German Shepherds Attack Owner and Friend in Whitman

Dogs are human’s best friends, right? In some circles they’re become a replacement for children, being called “granddoggies” and “dog children” by owners’ parents and owners respectively. This seems to make people forget that dogs are still animals and don’t have the logical reasoning that people do.

Maybe the two German shepherds were not being good dog children when they attacked their owner and a friend in Whitman on Monday. The two women had bites all over their arms and legs, with one woman having multiple bites on her torso as well, according to The Enterprise. The dogs have been quarantined since the attack and will be so for a total of 10 days.

Will the owner be liable for her friend’s injuries?

Back to School: Liability for Sports Injuries, Who Pays?

As the commercials on television started to tell us at the end of July, it is back to school time again. Time for the kids to get their supplies and attempt to read their summer reading list in five days. Or it could be that you have a student athlete that already started their preseason camp and games like the Pats that has you acutely aware of the upcoming school year.

No matter how you know that the school year is upon us, it is good to know what your school could be liable for if your student athlete is injured. While it is generally true that a school or coach is not at fault when a student is harmed during practice or a game, there are certain situations that could make the school liable in a personal injury lawsuit.

Shot in Head at Strip Club; Liability in the Champagne Room?

If there’s something that people know, it’s that there’s no sex in the champagne room. Thank you Chris Rock. What we should instead promote is no guns in the strip club.

In the middle of the night, two men were shot in the head in what seems like a conflict over seats in the Glass Slipper strip club in downtown Boston. The shooter, Steven Gayle, claims that the men sat down next to him in a booth where he was sitting, after which an argument started. The argument turned ugly and Gayle shot one man twice and then the other man once, according to the Boston Globe. Both men survived and are expected to recover.

Gayle would likely be guilty of battery (in addition to the criminal charges), but is the Glass Slipper liable for the men’s injuries?

Life Imitates Art? Shoe Camera Invasion of Privacy at Walmart

Who isn't excited about the new Bourne Legacy and Skyfall, the latest Bond thriller? There's the intrigue, the action, and of course, the gadgets. Q will surely have some new device or a new Aston Martin for Bond to drive, but what about the micro-cameras?

And here is where life gets like the movies: You don't even need to go to the theater to hear about spy cameras. In Scarborough, Maine a man was walking around with a camera mounted to his shoe and was taking pictures up women's skirts in a Walmart, according to The Portland Press Herald. Several women reported the man, but he was only caught on a surveillance camera.

Could you recover money from him if your privacy was invaded in Walmart?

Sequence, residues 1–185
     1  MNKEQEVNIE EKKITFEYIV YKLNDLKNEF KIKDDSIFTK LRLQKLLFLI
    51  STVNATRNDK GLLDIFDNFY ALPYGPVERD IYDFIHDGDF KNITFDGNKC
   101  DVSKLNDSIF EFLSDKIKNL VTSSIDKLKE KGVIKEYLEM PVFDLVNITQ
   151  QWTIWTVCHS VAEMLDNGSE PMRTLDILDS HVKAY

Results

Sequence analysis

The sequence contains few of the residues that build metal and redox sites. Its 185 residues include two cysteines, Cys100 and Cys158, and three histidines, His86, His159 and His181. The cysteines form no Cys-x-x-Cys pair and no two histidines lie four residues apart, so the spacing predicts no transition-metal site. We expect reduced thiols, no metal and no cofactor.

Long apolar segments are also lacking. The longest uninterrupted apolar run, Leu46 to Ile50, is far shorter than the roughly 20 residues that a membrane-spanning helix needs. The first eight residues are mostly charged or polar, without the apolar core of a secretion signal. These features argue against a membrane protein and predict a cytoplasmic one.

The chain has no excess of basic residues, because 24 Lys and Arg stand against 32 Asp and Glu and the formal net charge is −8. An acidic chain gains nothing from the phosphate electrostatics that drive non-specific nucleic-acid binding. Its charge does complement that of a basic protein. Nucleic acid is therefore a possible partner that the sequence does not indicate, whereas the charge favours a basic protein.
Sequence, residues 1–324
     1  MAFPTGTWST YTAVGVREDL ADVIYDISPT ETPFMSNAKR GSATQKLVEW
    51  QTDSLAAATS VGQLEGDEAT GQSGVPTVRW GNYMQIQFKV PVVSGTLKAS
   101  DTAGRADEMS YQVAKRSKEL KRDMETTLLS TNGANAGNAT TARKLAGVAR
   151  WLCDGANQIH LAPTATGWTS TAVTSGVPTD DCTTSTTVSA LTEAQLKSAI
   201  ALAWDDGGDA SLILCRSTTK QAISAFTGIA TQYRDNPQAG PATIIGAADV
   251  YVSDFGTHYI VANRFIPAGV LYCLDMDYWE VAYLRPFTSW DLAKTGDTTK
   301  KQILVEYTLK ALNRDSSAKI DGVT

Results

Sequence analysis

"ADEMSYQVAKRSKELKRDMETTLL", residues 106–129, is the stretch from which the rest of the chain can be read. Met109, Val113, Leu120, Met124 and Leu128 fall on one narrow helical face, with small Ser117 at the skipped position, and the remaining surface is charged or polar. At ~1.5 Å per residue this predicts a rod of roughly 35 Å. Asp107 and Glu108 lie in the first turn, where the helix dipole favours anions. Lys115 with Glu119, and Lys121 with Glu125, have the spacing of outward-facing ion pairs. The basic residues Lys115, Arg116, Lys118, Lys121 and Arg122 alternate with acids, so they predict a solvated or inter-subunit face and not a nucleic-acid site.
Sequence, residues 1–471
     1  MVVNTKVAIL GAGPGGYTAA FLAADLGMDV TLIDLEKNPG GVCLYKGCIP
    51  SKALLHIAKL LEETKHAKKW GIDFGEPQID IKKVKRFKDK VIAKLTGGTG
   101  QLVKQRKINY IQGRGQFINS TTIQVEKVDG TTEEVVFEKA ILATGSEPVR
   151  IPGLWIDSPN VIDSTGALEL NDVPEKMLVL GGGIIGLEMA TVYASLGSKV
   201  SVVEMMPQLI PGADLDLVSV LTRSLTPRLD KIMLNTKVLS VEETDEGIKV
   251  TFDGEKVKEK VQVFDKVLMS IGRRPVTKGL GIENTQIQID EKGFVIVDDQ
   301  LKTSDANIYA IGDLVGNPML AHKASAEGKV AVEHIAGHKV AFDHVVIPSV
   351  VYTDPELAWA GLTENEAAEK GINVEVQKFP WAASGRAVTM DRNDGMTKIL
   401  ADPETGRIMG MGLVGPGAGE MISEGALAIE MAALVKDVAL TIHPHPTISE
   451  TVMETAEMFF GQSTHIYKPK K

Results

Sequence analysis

Springfield Woman Dies in Three-Car Crash; Wrongful Death?

Cars are dangerous; they are even labeled deadly weapons when used improperly. Yet we drive around like we are invincible, getting angry and driving faster when someone is driving too slow for our taste. In Massachusetts alone, there were on average over 140,000 car crashes a year between 2006 and 2008, with 4,000 resulting in serious injuries and 400 resulting in death.

Adding to this year's statistics is a three-car crash in Springfield that claimed the life of a 34-year-old woman who was a passenger in a 2001 Ford Explorer, according to the Boston Globe. The accident occurred on I-291 westbound, but police have not yet released more details about the crash.

Could the surviving driver be liable for his passenger's death?

Ballston Beach Shark Attack; Is There a Lawsuit Under the Surface?

Everyone has seen or knows about the movie "Jaws." It has inspired fear of the ocean in countless numbers of people all over the world. People just don't want to go in the water because they think that some frightening music will start up and a giant fin will accelerate towards them.

Something far less frightening happened on Ballston Beach in Truro recently, when Chris Myers of Colorado was bitten by what was likely a juvenile great white shark, according to the Boston Herald. Myers suffered puncture wounds on both legs and a severed tendon, requiring 47 stitches after he and his son had swam 400 yards offshore to a sand bar.

This was the first shark attack on Ballston Beach since 1936 when a teen was killed, according to the Boston Globe. The question remains, could Myers sue?

Jockey, 76, Stopped from Riding at Suffolk Downs; Why?

It used to be that kids were the ones who were complaining that they couldn't do things because they were too young. Now it seems like it's the older generations that are complaining that they are being stopped from engaging in their favorite pastimes or careers because they're too old.

That is the claim made by Jockey Frank Amonte, who at 76 has been a jockey for 60 years. The Chief Operating Officer of Suffolk Downs, Chip Tuttle, released a statement that it would basically be unsafe for horses and jockeys if Amonte was to ride, according to WBZ-TV. This comes a year after Amonte fell off a horse just beyond the finish line.

Suffolk Downs claims that it is denying Amonte the ability to race for insurance reasons, but what liability would the insurance cover?